In case you haven't heard, Paramount Pictures refused to pre-screen G.I. Joe: The Rise of Cobra for film critics before its opening weekend. Looks like Paramount did the right thing; the film's $56 million weekend take proves once again that critical consensus and economic success are often mutually exclusive. But what's more worrying about the wealth of reviews that have already appeared in print and online is how inattentive and insubstantial they are. If critics can't even try to examine what's on screen, then perhaps they are better left out in the cold.
So far, G.I. Joe reviewers have split into two opposing camps. The first camp sees G.I. Joe as another incompetent, mindless late-summer blockbuster: The cruelest remarks echo those made by Time's Richard Corliss, who claims that "the only collateral damage is in the audience, where, as you sit through the movie, you can feel your IQ drop minute by minute." My favorite zinger came from Newsweek's Ramin Setoodeh, who claimed (somewhat oddly) that watching the film is "like watching fireworks with a blindfold on: it's deafening and you feel under attack."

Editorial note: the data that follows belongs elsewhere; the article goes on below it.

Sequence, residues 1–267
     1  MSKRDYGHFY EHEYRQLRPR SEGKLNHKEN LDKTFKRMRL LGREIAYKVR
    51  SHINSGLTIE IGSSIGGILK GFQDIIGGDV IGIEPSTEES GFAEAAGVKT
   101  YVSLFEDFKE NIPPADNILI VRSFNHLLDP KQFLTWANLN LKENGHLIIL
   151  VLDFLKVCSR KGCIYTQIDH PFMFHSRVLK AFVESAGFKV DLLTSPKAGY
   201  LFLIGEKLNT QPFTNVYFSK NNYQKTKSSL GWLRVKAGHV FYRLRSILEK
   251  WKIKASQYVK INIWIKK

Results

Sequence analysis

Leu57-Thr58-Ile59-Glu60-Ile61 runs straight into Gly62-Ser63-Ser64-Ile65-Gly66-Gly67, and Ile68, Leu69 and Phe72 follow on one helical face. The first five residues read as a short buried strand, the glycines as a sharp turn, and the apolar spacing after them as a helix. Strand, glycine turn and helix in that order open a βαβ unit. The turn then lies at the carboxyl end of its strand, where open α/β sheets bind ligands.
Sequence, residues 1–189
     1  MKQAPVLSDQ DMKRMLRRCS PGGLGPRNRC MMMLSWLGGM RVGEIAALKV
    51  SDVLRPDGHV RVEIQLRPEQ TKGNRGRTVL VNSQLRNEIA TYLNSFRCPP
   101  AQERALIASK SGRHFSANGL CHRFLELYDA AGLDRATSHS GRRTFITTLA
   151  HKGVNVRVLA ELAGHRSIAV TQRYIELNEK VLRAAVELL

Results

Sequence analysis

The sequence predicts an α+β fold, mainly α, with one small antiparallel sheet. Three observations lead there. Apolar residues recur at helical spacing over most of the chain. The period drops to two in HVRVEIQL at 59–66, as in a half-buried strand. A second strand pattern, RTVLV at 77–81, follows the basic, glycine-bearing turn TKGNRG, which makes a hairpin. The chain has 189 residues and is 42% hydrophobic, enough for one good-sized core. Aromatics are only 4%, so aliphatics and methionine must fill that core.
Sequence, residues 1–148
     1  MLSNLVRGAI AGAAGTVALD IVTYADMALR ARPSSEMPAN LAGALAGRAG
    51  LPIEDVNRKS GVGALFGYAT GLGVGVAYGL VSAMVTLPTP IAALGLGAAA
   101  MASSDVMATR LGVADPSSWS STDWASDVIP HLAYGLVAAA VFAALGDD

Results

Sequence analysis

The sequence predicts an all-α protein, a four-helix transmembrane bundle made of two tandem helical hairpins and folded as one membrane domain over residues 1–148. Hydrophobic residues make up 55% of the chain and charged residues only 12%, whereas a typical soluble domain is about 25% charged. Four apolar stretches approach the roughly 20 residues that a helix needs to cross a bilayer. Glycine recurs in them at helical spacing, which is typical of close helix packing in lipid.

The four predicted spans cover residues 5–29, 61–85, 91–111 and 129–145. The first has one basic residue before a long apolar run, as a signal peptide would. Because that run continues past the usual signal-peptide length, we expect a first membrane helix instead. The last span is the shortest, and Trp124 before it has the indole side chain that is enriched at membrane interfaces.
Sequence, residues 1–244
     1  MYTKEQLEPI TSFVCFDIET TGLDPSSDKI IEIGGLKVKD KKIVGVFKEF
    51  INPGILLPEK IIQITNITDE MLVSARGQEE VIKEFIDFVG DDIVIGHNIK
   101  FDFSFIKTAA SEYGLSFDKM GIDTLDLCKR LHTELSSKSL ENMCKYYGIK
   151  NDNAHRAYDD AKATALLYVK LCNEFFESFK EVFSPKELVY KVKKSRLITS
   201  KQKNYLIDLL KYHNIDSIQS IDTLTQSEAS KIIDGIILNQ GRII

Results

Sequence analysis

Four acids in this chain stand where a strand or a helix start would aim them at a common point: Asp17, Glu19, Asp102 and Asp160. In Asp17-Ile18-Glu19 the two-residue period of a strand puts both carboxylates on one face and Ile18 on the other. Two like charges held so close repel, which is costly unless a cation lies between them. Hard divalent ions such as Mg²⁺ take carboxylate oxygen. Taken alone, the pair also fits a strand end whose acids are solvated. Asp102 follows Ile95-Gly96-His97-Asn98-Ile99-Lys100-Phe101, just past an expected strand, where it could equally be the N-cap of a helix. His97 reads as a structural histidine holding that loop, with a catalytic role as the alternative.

The second camp acknowledges G.I. Joe's somewhat, er, limited aesthetic aims but praises it anyway; as the San Francisco Chronicle's Peter Hartlaub puts it, "Compared to other big-budget movies out this summer, it's pretty mediocre. But as a movie that no one thought would be any good because it's based on an action figure that isn't even a foot tall any more, it wildly succeeds." Over in England, The UK Sunday Mail is more succinct, calling it "absolutely marvelous nonsense."
But none of the reviews I've read go beyond simple (albeit fun) posturing and attempt to explain why some scenes fail and some scenes succeed. That's too bad, because G.I. Joe, while not as bad or as enjoyable as either camp wants to believe, does have one terrific, exciting scene. So here's my humble and hopefully specific contribution to the body of G.I. Joe scholarship. If the short description of the following scene sounds good to you, then go see the movie; otherwise, stay home.
The central set piece in the film is a chase through the streets of Paris between two new Joes and two wicked terrorists in a minivan. This chase scene is clear and easy to follow despite the racing, impossible tracking shots and the nearly constant explosions that blanket the screen. Furthermore, it succeeds because the good guys' and the bad guys' weapons engage in a kind of tango: For every new feature the Joes discover about their "acceleration suits," the villains in the van trot out more destructive weapons to neutralize them. Plus, the acrobatic maneuvers required of the Joes to stay in pursuit of (or, in one case, on top of) the van as it darts in and out of the congested streets traffic are so ludicrous and snappily choreographed that they verge on slapstick comedy. And as a bonus, the film throws in a mysteriously evocative image of a character running over a glass roof that feels like a bolt of pure, trashy poetic inspiration.